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Andrea Mazza, Maria Grazia Bendini, Massimo Leggio, Umberto Riva, Carmine Ciardiello, Sergio Valsecchi, Raffaele De Cristofaro, Giampiero Giordano
DOI: http://dx.doi.org/10.1093/europace/eut389 617-618 First published online: 20 February 2014

We appreciate the letter by Márguez and colleagues and we are thankful for their valuable comments to our paper.1 Recent guidelines2 recommend cardiac resynchronization therapy (CRT) in heart failure (HF) patients with reduced left ventricular ejection fraction (LVEF) and expected high percentage of ventricular pacing, to decrease the risk of worsening HF. Nonetheless, as correctly noticed by DeSisti et al.3 in their previous work, an LVEF cut-off value has not yet been defined. They also noticed that chronic right ventricular pacing can induce a reduction in LVEF of 5–10% points, and therefore suggested an LVEF cut-off value of 40–45% as criterion for the CRT device if permanent ventricular pacing is expected.

In our study, we found that LVEF < 50% was the independent predictor of new-onset HF over medium-term follow-up, and thus we suggested that CRT could play a preventive role in these patients.

A priori, we adopted the 50% LVEF value because the LVEF range 35–50% is usually considered an area of mild systolic dysfunction. However, in our opinion, adopting a single cut-off value may be inadequate when dealing with an echocardiographic parameter like LVEF, that is known to be affected by large intra- and inter-observer variability, and to be extremely variable, spontaneously and in response to therapies. Actually, DeSisti and colleagues themselves properly reported an LVEF range between 40 and 45%, instead of a single value.

In general, CRT implantation may be worthwhile in patients with mild HF and a bradycardia indication for pacing, but the benefits should be weighed against the added complication rate of CRT devices, as shown in the BLOCK-HF trial.4 On the other hand, although a strategy of initially conventional anti-brady pacing, with later upgrade in case of worsening symptoms is considered reasonable in the current guidelines,2 the upgrade to CRT is not free from complications and this should not be neglected.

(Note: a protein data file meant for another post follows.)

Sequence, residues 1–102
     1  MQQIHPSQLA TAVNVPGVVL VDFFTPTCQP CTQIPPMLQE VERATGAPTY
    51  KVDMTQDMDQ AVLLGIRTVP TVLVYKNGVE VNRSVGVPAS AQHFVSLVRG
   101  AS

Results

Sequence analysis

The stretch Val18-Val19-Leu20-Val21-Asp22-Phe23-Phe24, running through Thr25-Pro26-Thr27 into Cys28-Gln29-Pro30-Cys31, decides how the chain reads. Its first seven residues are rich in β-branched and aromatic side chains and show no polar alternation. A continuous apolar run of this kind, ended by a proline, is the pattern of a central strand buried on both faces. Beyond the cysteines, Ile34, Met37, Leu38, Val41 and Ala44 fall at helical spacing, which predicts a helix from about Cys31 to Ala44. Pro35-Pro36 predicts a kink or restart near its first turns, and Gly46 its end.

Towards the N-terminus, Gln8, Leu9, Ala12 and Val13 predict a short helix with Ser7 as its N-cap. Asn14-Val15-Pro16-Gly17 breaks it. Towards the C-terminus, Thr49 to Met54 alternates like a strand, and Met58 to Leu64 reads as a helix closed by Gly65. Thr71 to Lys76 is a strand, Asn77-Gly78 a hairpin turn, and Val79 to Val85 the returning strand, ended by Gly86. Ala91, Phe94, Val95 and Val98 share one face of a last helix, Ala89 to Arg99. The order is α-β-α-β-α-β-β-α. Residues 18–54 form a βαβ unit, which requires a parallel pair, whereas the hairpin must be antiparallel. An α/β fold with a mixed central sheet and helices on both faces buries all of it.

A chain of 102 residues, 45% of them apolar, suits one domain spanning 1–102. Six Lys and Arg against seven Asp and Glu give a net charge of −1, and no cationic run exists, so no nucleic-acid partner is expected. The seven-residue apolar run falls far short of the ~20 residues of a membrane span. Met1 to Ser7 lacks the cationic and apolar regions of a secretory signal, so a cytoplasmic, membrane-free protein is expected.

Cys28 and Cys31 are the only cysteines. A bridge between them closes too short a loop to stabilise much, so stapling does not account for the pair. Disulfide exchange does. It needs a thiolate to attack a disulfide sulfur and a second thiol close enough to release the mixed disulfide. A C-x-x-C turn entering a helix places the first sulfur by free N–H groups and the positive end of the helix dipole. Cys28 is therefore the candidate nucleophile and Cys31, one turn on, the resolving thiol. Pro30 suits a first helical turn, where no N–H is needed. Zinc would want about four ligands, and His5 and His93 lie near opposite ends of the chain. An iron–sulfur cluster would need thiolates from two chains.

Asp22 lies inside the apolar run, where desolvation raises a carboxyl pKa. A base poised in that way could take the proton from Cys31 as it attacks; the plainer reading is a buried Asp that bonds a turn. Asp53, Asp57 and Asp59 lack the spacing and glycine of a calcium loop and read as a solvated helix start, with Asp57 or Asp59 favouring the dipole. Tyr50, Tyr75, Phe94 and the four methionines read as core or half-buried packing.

The results of the ongoing BIOPACE trial (ClinicalTrials.gov Identifier: NCT00187278) will provide further evidence of the potential benefits of CRT in patients in whom ventricular pacing cannot be avoided. At the same time, the MIRACLE-EF trial (ClinicalTrials.gov Identifier: NCT01735916) is testing the efficacy of CRT in patients with LVEF in the range of 36–50%, left bundle branch block and no need for cardiac pacing. At last, for patients with an intermittent or minimal need for pacing, the use of algorithms that favour atrial pacing over atrioventricular sequential pacing is standard. However, as noticed by DeSisti et al.,3 in patients with prolonged PR interval this strategy was demonstrated to present increased HF and mortality. Indeed, a prolonged PR interval is a clinically relevant marker for atrioventricular dyssynchrony, which adversely influences cardiac mechanics. Therefore, maintaining atrioventricular synchrony may be important, and the synergistic effect of atrioventricular and inter-ventricular synchronization offered by CRT could provide benefits also in these patients. This is investigated in the ongoing REAL-CRT study (ClinicalTrials.gov Registration in progress). The results of all these studies are awaited to clarify the potential role of CRT in the treatment of mild systolic dysfunction.

Conflict of interest: U.R., C.C., and S.V. are employees of Boston Scientific, Inc. The other authors have no conflicts of interest to declare.


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